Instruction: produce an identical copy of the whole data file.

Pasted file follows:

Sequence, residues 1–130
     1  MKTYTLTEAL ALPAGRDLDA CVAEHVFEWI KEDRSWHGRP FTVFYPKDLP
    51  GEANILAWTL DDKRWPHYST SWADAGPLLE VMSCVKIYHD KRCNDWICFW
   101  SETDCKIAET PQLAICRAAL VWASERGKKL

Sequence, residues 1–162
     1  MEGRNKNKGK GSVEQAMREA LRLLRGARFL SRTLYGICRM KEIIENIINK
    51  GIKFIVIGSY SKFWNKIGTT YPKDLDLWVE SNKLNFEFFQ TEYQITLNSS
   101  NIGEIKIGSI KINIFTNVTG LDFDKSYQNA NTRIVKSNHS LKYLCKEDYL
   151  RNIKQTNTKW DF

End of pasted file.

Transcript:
Sequence, residues 1–130
     1  MKTYTLTEAL ALPAGRDLDA CVAEHVFEWI KEDRSWHGRP FTVFYPKDLP
    51  GEANILAWTL DDKRWPHYST SWADAGPLLE VMSCVKIYHD KRCNDWICFW
   101  SETDCKIAET PQLAICRAAL VWASERGKKL

Sequence, residues 1–162
     1  MEGRNKNKGK GSVEQAMREA LRLLRGARFL SRTLYGICRM KEIIENIINK
    51  GIKFIVIGSY SKFWNKIGTT YPKDLDLWVE SNKLNFEFFQ TEYQITLNSS
   101  NIGEIKIGSI KINIFTNVTG LDFDKSYQNA NTRIVKSNHS LKYLCKEDYL
   151  RNIKQTNTKW DF